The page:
‘Huge benefits’: Medibank trials four-day work week

Medibank employees will get to enjoy shorter hours for the same pay.

Medibank employees will get to enjoy shorter hours for the same pay. Photo: TND

Change is in the air for Australia’s labour force as yet another major local organisation has announced a four-day work week trial.

Medibank announced 250 of its employees, including frontline customer staff, will take part in the six-month trial.

Kylie Bishop, Medibank Group lead – people, spaces and sustainability, said the organisation had been exploring how it could work smarter and offer greater flexibility for more than a year.

The trial will start this month.

“There are lots of pressures out there right now, whether it’s cost of living or people managing their work and home commitments,” she said.

“We’re constantly thinking about how we can help balance that for our people and invest in their health and wellbeing to help prevent issues like burnout.”

Seek data released in 2022 showed 67 per cent of employees have felt burnt out, with experts finding many employees are seeing work increasingly encroach on private life, and some are taking on multiple jobs as cost-of-living pressures build.

Studies show companies which have trialled shorter work weeks had overwhelmingly positive results, from increased worker happiness to increased revenue.

Less hours v compressed hours

Medibank’s four-day work week trial will be based on the 100:80:100 model: Employees will receive 100 per cent of their pay, reduce their working hours to 80 per cent, while maintaining 100 per cent productivity.

This stands in contrast to Bunnings’ recent four-day work week trial, which saw employees work 100 per cent of their regular hours across four days, or spread the hours over a nine-day fortnight.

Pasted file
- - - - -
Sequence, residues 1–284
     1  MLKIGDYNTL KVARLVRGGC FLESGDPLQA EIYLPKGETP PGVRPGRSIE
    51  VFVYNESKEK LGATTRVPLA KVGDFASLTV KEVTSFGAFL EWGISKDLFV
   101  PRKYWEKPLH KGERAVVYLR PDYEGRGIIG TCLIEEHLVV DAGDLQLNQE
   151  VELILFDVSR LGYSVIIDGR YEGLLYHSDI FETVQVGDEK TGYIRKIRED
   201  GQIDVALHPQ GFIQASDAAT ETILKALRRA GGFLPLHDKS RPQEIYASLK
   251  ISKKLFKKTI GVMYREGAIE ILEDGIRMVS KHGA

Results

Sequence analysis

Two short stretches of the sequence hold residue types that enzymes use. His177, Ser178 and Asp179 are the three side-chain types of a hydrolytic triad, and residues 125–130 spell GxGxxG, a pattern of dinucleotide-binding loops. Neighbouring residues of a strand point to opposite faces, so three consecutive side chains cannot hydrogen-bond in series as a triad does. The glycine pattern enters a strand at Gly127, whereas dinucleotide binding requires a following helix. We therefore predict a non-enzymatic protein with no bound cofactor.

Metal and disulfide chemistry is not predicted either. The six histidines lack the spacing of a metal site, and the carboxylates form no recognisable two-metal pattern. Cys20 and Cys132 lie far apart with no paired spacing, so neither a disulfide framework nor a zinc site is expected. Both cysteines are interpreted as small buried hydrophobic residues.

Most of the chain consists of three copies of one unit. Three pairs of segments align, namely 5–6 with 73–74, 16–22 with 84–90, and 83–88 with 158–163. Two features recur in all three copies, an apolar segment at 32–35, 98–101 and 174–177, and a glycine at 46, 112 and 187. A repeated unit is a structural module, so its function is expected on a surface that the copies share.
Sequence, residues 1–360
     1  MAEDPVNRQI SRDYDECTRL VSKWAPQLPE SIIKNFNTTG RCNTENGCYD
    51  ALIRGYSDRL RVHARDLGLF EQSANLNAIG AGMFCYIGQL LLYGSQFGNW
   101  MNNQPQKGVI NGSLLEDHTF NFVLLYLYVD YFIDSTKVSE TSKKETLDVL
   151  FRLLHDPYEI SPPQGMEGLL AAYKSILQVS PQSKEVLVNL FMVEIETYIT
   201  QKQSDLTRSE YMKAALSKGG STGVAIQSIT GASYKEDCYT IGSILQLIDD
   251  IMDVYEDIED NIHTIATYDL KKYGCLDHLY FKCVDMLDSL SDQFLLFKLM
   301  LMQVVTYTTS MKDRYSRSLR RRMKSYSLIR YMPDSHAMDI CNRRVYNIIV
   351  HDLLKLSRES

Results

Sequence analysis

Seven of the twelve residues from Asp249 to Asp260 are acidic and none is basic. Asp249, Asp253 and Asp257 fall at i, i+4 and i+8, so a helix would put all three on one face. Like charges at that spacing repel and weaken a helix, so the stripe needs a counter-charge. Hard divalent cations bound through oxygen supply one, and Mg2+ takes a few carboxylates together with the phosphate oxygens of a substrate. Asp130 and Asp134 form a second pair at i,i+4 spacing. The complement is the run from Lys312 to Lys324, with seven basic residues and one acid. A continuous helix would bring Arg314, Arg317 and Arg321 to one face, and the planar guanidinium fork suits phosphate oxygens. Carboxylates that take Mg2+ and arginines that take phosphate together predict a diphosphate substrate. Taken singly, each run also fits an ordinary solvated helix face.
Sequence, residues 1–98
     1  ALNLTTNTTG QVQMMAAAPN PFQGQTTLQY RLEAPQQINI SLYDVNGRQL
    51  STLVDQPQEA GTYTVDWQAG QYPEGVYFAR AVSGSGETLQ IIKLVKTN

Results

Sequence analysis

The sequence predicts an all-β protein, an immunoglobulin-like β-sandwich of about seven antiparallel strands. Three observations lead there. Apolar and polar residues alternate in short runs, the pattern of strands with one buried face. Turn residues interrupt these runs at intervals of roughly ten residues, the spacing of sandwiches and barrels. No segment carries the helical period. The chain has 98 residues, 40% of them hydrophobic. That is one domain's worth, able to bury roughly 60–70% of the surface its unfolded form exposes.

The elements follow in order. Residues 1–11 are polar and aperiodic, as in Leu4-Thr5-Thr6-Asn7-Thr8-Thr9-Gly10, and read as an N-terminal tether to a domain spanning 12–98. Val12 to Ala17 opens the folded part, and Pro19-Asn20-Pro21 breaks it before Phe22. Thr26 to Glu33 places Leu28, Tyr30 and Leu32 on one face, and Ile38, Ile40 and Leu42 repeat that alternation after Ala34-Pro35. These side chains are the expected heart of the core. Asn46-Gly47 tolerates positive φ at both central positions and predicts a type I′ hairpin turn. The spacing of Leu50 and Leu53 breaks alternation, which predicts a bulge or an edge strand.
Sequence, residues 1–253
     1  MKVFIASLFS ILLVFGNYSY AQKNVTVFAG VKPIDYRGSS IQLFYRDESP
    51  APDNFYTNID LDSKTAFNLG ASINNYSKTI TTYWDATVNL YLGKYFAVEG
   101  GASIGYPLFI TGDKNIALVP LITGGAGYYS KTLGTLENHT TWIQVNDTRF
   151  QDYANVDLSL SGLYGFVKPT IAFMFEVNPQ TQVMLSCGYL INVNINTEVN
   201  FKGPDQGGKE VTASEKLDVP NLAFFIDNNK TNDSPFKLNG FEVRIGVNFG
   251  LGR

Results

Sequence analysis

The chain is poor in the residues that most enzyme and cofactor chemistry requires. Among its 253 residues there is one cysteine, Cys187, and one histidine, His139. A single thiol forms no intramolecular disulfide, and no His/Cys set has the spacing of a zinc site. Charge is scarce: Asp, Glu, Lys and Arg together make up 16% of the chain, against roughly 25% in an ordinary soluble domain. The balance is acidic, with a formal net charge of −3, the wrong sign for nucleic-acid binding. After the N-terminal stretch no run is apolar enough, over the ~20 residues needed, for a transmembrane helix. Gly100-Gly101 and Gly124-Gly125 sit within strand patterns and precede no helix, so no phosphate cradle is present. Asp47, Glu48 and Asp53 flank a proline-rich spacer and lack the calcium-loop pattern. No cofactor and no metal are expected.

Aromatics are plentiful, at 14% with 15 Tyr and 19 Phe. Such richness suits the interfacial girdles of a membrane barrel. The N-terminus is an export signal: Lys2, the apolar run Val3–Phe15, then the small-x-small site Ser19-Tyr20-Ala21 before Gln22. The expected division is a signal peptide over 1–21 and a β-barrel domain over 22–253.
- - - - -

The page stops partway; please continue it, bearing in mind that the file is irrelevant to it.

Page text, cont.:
Bunnings’ trial “compressed” the hours worked by employees, while a four-day work week is supposed to reduce the hours worked, 4 Day Week Australia campaign co-founder Alyssa Shaw told TND.

She said while a compressed work week could offer greater flexibility, there isn’t a lot of evidence that it is beneficial.

Meanwhile, a four-day work week has been proven to have “huge benefits”, particularly regarding employee output and health.

“Productivity comes as a result of wellbeing,” Shaw said.

“What we’re seeing in Australia and internationally is that people [working four days per week] are a lot less stressed, they’re reporting less burnout, their sleep improves, the amount of time they have to exercise increases, their conflict at home reduces.

“There’s also benefits for employers, because absenteeism goes down, employees are generally a lot more loyal, happy and engaged, and producing really high-quality work. So, in some cases, this has led to increases in profits.”

Medibank has dubbed its trial ‘The Gift’; Shaw said while a four-day work week may be considered a gift today, it will be the standard in the future.

Other options on the table

Centre for Future Work director Dr Jim Stanford said since the pandemic, people’s attitudes to jobs have changed “quite a bit”, with a greater focus on work-life balance.

He said this is long overdue, as Australia has been “frozen” in the five-day, 38-hour week routine for decades.

Stanford said unlike remote or hybrid working arrangements, there’s “no reason” employees couldn’t have a shorter working week in any workplace, although in some instances shift schedules would have to come into play.

“So it wouldn’t be a standard Monday to Thursday … everyone gets Friday, Saturday, Sunday off. You’d have to have a system where one group got Monday off, one group got Tuesday off, and so on,” he said.

The four-day work week is one of many options emerging to achieve the general goal of less working hours – there may be no one-size fits all solution.

Other options include increased annual leave, flexible days that can be taken for family or education purposes, or even earlier retirement.

“Given the variety of different working arrangements that exist in our labour market, it doesn’t make sense to dictate one particular approach,” Stanford said.

“I think it should be determined, preferably, by negotiation and consultation between employers and workers – and their union.”

A Medibank spokesperson said the four-day work week trial occurred after employee feedback through engagement surveys and workshops, and it was designed together with 4 Day Week Global.

It will be monitored and measured by Macquarie Business School.

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